October 10, 2022

Covering COVID-19 is a daily Poynter briefing of story ideas about the coronavirus and other timely topics for journalists, written by senior faculty Al Tompkins. Sign up here to have it delivered to your inbox every weekday morning.

The months ahead are going to stretch your budget. Not only will gasoline prices rise again because OPEC+ countries are cutting their production, but the U.S. Department of Energy predicts your winter electric bills will go up significantly this winter, too. The DOE forecasted:

We forecast the U.S. residential price of electricity will average 14.8 cents per kilowatt-hour in 2022, up 7.5% from 2021. Higher retail electricity prices largely reflect an increase in wholesale power prices driven by rising natural gas prices.

The Southwest region has the lowest forecast wholesale prices in 2022, averaging $69 per megawatt hour (MWh), up 25% from 2021. The highest forecast wholesale prices are at more than $100/MWh in ISO New England (up 96% from 2021) and New York ISO (up 124% from 2021).

(U.S. Department of Energy)

America’s No. 1 source of electricity is natural gas and, compared to a year ago, prices are up 65%. If you compare it to two years ago, natural gas prices have risen 170%.

(U.S. Department of Energy)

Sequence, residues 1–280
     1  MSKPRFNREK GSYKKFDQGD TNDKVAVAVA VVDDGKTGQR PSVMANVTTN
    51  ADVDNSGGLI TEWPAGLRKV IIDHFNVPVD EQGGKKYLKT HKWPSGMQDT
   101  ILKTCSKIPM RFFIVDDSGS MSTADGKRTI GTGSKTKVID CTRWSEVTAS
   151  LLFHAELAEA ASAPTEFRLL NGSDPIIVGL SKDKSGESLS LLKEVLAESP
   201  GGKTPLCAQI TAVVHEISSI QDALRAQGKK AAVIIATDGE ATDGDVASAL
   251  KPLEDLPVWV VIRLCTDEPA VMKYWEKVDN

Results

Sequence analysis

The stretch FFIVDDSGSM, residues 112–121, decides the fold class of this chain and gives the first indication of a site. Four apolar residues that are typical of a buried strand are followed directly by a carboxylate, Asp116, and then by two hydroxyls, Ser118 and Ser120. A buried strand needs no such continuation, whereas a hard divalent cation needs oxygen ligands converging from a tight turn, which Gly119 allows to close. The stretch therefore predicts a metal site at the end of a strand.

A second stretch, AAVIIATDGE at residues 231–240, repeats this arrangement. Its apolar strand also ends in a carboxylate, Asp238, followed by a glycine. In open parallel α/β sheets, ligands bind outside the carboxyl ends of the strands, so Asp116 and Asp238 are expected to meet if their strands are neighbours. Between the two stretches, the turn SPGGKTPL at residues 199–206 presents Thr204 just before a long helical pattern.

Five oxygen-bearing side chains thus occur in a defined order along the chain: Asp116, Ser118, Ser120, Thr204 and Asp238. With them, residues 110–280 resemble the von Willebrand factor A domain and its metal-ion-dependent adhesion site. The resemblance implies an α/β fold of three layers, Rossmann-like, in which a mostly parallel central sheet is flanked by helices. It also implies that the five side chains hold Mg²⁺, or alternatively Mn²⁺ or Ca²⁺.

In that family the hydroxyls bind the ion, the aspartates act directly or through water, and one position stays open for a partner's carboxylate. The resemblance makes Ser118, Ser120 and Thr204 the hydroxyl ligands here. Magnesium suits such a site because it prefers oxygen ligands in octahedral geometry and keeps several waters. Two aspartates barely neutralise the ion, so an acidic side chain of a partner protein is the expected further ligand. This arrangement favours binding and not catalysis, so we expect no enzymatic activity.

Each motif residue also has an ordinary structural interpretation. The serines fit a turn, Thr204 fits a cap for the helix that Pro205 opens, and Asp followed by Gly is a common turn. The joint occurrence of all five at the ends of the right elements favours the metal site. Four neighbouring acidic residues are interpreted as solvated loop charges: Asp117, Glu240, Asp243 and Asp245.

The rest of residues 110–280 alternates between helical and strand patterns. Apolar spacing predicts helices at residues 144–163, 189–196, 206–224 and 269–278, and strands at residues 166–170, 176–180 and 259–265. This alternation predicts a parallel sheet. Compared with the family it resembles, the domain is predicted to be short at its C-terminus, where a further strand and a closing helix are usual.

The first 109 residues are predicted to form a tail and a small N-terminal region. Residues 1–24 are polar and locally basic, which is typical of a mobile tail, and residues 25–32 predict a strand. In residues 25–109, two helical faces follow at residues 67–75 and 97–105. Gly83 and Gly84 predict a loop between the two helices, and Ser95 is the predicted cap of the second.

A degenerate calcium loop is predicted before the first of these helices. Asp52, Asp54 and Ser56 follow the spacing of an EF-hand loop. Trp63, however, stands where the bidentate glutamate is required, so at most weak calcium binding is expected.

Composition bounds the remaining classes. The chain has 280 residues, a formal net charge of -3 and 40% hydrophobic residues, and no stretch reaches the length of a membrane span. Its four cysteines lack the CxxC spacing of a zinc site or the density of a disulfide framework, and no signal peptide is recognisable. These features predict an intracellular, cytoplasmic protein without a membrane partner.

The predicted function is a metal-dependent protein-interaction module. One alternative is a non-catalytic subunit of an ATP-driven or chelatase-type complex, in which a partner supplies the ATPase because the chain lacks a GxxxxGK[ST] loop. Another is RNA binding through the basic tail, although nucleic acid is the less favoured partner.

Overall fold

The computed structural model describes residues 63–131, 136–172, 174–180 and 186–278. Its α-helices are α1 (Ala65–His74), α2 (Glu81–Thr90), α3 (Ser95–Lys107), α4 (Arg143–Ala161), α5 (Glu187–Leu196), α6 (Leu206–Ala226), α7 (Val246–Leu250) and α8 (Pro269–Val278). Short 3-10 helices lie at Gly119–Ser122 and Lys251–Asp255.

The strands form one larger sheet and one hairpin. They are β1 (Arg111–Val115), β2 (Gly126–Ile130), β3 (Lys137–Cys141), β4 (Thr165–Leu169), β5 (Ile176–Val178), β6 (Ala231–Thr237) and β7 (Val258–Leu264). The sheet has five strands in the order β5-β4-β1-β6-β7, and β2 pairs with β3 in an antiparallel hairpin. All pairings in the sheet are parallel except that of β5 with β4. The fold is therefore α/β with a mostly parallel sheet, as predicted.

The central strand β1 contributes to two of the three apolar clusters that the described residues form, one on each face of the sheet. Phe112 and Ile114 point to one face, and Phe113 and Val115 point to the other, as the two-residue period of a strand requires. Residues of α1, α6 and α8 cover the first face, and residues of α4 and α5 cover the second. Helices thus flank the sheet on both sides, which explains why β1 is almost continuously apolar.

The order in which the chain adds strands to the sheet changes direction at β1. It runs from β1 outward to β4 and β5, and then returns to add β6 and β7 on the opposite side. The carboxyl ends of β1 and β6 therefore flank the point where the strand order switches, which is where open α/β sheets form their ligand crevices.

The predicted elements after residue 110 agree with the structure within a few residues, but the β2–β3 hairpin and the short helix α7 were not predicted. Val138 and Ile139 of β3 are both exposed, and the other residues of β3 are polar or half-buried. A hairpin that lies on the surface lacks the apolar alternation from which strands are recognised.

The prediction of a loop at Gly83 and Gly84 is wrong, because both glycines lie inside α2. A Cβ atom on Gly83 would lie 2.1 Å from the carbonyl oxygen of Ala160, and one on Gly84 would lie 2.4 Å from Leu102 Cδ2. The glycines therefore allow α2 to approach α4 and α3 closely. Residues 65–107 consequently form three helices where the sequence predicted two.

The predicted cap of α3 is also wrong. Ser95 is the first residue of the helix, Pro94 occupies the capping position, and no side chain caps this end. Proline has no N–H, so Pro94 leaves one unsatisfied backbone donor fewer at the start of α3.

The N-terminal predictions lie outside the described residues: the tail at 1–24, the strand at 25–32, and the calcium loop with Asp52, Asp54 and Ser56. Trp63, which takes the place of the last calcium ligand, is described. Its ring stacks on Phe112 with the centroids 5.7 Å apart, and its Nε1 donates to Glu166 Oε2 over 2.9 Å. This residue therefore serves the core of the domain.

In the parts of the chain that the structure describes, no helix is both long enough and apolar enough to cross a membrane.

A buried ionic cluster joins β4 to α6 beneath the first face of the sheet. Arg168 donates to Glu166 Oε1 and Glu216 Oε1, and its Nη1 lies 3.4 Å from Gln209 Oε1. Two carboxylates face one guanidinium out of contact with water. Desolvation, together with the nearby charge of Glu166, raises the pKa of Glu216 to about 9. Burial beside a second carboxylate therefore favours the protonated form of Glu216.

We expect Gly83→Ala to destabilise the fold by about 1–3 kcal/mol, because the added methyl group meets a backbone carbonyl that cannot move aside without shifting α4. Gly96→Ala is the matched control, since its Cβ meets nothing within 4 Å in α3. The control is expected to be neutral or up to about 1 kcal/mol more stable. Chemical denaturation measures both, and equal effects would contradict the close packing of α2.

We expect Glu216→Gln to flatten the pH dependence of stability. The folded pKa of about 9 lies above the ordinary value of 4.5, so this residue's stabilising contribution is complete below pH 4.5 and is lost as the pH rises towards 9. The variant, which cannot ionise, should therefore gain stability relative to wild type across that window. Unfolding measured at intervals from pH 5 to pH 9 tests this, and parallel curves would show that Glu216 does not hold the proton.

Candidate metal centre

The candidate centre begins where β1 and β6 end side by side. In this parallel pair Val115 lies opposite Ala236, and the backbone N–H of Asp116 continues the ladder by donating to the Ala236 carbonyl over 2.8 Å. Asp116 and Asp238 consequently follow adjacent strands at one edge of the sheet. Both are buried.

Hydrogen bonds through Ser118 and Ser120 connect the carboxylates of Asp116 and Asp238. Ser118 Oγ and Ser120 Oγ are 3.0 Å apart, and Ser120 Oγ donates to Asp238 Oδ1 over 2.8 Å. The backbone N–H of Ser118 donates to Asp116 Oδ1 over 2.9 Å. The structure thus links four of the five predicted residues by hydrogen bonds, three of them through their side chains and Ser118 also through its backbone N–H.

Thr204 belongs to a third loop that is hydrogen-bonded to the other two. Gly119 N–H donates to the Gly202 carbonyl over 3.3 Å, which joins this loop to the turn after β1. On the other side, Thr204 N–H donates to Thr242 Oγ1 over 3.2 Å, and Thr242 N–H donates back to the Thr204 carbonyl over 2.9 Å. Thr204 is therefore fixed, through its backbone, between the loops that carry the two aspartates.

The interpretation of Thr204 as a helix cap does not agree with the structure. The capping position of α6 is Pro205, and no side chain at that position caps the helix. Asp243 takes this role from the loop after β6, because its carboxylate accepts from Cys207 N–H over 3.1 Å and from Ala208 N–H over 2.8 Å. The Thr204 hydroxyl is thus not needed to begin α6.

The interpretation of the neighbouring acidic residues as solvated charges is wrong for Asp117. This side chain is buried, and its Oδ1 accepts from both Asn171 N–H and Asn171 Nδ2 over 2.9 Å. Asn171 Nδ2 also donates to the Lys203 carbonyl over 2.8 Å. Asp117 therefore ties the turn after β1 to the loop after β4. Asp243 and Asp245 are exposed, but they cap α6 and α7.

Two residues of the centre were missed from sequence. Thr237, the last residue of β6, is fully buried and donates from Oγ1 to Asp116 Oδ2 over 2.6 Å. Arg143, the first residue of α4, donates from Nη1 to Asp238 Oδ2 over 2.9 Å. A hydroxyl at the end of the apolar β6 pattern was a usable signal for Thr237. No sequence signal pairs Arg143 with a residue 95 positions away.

Natural gas became the key producer of electricity in the last couple of decades with an equal decline in coal use. Renewable sources including wind and solar are the fastest-growing sources of U.S. energy (22%) but have a long way to go to match natural gas (37%). Coal still provides about 21% of U.S. electricity, about the same as nuclear sources.

(U.S. Department of Energy)

Yahoo Finances reports:

Energy costs for homes and businesses have been one of the key drivers of high inflation. Overall inflation is running 8.3% year-over-year, but home energy costs are up 21%. Just about everybody knows the price of gasoline, since it’s posted on giant numbers at every filling station. Almost nobody knows the price of natural gas or electricity, which is buried in the fine print on monthly utility statements. People certainly notice when their monthly bill arrives, but consumers don’t adjust to higher heating or electricity costs as quickly or aggressively as they do to higher pump prices.